Cancer and Commercial Tobacco

Smoking commercial tobacco can cause not only lung cancer but also leukemia and cancer of the bladder, oral cavity, pharynx, larynx (voice box), esophagus, cervix, kidney, pancreas and stomach.

  • Cancer is the second leading cause of death.
  • More deaths are caused each year by commercial tobacco use than by ALL DEATHS from human immunodeficiency virus (HIV), illegal drug use, alcohol use, motor vehicle injuries, suicides, and murders COMBINED.
  • Cancer was among the first diseases linked to smoking commercial tobacco.
  • Lung cancer is the leading cause of cancer death, and it is primarily caused by commercial cigarette smoking.
  • Smoking commercial tobacco causes about 90 percent of lung cancer deaths in women and almost 80 percent of lung cancer deaths in men.
  • The risk of smoking-caused cancers increases with the number of commercial cigarettes smoked and the number of years of smoking, and it decreases after quitting completely.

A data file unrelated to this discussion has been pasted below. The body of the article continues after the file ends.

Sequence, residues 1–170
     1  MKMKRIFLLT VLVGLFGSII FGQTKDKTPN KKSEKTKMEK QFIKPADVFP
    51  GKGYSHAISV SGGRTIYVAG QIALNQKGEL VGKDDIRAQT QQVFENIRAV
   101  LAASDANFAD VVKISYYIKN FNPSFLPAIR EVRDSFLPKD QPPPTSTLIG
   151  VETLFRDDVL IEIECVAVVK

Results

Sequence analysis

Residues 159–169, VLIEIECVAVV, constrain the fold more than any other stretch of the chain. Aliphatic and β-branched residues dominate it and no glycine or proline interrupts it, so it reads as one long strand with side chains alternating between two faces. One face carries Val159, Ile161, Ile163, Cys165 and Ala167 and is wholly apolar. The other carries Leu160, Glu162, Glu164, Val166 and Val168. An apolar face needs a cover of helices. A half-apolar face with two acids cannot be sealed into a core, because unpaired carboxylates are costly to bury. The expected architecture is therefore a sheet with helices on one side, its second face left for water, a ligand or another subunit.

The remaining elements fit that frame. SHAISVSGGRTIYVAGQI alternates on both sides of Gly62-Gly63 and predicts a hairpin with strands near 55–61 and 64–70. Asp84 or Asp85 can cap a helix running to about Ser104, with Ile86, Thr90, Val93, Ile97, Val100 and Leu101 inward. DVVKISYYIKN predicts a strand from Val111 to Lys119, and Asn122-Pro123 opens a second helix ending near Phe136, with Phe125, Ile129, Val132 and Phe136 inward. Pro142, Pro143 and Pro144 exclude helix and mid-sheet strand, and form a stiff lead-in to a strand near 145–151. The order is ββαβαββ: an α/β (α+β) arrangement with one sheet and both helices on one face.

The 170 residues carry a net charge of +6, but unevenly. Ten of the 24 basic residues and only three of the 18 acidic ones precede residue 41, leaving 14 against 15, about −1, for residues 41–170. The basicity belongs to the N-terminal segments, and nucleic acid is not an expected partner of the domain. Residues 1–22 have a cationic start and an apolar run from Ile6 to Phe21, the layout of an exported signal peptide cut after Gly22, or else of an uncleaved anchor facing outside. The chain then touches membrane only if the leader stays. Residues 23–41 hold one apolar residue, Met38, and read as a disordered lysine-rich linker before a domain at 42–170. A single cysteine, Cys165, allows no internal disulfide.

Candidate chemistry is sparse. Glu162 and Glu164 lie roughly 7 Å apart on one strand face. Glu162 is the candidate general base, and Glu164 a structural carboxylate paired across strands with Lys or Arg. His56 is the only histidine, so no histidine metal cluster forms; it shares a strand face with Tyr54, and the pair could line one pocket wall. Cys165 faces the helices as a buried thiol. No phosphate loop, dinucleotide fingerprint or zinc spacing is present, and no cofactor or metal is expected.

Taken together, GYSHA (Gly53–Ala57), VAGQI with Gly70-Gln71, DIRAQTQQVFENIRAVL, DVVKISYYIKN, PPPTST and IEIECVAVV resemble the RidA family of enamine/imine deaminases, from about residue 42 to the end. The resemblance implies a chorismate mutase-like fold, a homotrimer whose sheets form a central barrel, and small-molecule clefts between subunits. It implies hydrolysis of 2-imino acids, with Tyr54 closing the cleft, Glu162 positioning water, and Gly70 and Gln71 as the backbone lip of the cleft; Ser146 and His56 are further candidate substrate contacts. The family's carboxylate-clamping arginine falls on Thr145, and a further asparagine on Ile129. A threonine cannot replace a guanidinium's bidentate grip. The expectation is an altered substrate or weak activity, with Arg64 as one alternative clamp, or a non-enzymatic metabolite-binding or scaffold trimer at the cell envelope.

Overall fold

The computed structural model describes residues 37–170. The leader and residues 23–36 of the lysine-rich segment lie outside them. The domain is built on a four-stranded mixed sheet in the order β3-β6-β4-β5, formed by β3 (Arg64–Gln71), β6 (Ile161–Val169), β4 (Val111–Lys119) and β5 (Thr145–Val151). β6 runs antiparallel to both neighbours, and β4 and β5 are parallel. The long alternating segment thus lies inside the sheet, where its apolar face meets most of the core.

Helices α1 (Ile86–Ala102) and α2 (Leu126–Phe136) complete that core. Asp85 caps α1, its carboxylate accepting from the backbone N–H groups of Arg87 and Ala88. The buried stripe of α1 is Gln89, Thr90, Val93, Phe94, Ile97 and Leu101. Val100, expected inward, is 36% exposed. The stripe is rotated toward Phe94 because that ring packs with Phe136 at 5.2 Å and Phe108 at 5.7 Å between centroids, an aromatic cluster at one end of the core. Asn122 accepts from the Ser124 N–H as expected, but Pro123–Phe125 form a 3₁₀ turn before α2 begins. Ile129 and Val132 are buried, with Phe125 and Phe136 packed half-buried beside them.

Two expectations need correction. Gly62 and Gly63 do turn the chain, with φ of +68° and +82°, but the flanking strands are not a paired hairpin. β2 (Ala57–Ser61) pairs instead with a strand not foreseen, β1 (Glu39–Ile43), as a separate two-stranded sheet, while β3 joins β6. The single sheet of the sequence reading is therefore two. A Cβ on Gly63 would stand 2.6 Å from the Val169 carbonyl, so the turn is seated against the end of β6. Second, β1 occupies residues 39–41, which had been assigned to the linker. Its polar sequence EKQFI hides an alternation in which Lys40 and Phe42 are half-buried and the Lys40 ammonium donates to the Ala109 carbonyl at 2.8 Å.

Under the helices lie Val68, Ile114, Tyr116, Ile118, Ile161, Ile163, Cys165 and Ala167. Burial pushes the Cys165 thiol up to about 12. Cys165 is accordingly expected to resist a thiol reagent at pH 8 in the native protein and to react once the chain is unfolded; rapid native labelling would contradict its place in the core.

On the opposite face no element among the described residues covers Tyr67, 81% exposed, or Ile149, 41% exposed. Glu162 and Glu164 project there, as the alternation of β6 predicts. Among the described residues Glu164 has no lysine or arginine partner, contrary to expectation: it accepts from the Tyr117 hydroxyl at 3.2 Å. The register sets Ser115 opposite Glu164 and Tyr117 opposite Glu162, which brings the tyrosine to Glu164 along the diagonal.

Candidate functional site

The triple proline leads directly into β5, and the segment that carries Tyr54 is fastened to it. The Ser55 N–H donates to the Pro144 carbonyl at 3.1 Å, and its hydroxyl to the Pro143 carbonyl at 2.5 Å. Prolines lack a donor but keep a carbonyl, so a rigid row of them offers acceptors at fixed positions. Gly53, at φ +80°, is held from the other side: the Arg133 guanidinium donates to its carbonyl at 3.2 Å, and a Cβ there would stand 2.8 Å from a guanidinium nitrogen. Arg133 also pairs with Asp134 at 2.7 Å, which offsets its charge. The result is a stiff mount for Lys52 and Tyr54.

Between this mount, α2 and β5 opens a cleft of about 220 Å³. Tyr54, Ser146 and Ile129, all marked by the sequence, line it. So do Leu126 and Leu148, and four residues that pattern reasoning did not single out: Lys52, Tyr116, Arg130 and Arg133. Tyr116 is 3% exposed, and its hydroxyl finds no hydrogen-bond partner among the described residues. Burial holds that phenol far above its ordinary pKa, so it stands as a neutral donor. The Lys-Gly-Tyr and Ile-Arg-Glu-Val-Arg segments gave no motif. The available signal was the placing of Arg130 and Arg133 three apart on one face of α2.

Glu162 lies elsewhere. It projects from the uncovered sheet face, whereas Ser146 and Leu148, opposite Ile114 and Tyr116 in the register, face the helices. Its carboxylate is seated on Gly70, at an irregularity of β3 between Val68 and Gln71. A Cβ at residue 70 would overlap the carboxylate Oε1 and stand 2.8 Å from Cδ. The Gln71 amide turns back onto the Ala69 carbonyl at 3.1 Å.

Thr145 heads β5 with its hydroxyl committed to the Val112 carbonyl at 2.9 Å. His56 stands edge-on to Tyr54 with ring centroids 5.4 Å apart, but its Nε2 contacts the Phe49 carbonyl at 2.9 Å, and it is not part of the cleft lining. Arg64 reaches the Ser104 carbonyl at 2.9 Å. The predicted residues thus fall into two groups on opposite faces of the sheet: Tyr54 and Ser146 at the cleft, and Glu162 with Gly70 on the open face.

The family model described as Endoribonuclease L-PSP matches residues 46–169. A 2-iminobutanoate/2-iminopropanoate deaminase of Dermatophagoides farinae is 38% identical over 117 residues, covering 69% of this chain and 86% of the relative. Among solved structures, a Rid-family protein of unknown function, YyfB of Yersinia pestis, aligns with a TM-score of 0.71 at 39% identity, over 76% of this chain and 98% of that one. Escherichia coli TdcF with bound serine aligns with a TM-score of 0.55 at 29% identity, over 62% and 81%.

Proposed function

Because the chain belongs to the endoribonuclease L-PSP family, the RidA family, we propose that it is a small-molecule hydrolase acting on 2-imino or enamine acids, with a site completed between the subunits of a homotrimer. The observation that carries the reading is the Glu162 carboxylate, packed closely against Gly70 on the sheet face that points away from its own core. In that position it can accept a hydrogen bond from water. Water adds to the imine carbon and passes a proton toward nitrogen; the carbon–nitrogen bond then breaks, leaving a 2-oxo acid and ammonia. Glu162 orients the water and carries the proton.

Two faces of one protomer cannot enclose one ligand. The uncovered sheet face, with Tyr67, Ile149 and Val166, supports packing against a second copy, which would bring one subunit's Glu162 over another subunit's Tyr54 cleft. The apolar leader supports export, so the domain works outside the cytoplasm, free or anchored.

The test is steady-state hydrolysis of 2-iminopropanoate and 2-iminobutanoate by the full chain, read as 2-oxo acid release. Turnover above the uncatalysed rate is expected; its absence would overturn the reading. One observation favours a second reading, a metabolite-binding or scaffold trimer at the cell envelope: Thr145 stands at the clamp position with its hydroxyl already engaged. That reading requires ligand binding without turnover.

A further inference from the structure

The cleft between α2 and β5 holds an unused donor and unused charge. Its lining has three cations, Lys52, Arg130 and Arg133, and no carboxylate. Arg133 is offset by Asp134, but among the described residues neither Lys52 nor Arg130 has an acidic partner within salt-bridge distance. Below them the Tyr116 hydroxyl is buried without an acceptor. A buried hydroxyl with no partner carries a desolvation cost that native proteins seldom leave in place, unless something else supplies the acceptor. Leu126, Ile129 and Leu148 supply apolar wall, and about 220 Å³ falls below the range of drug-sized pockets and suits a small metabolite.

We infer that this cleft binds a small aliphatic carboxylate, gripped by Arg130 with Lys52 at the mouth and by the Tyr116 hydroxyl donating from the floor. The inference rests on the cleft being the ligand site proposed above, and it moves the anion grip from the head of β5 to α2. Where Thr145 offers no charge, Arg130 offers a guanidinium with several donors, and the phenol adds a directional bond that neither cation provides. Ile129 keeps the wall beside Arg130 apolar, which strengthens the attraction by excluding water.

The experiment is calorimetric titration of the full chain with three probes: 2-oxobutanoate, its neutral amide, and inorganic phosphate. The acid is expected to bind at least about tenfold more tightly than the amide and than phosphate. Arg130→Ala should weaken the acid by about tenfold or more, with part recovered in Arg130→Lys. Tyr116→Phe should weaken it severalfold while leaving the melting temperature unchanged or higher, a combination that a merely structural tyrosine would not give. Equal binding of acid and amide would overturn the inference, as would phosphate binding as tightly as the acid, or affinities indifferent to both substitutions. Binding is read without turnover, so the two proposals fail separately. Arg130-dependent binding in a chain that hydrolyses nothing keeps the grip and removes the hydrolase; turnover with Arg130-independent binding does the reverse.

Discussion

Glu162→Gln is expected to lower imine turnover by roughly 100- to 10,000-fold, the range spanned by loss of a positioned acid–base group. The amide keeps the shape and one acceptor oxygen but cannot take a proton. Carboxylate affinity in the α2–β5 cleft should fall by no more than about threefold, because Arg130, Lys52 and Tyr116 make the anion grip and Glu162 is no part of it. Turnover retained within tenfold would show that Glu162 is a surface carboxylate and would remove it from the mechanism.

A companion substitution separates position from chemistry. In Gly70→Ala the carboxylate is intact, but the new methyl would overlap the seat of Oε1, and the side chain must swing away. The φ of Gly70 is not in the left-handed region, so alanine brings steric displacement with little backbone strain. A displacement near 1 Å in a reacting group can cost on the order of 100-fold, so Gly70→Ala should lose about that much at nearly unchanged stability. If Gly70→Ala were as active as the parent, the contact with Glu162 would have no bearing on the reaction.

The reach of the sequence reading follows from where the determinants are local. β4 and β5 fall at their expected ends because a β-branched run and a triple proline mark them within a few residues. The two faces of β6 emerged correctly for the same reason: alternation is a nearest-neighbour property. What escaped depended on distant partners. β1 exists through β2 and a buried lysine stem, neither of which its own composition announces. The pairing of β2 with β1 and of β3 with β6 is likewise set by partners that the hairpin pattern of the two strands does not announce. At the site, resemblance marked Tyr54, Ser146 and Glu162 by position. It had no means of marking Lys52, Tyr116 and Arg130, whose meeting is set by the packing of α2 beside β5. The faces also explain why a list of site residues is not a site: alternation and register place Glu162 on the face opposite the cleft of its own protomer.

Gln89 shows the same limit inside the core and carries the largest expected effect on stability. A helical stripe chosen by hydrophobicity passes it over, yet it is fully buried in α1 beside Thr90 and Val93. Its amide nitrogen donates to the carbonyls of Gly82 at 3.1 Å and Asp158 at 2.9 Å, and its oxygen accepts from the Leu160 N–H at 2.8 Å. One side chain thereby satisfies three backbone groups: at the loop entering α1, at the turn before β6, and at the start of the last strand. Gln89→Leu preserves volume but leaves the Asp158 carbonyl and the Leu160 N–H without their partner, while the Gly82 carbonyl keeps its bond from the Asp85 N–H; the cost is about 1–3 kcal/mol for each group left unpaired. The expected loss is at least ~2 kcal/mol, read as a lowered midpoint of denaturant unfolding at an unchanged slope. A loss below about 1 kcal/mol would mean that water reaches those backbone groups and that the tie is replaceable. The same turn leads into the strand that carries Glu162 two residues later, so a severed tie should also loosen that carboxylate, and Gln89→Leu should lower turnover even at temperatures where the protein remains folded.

• Cancer-causing chemicals (called carcinogens) in commercial tobacco smoke damage important genes that control the growth of cells, causing them to grow abnormally or to reproduce too rapidly.
  • Commercial cigarette smoking is a major cause of esophageal cancer in the United States.
  • The combination of smoking commercial tobacco and alcohol consumption causes most laryngeal cancer cases.
  • Commercial cigarette, pipe and cigar smoking increases the risk of developing mouth cancers.

Reference

U.S. Department of Health and Human Services. The Health Consequences of Smoking: A Report of the Surgeon General. U.S. Department of Health and Human Services, Centers for Disease Control and Prevention, National Center for Chronic Disease Prevention and Health Promotion, Office on Smoking and Health, 2006. Available from: http://www.cdc.gov/tobacco/data_statistics/sgr/2006/